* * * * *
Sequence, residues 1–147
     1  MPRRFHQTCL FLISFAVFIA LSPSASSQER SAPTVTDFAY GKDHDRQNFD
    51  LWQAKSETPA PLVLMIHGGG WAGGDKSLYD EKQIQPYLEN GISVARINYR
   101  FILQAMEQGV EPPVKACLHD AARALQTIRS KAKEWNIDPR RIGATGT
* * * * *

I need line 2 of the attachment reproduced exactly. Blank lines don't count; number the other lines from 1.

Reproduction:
     1  MPRRFHQTCL FLISFAVFIA LSPSASSQER SAPTVTDFAY GKDHDRQNFD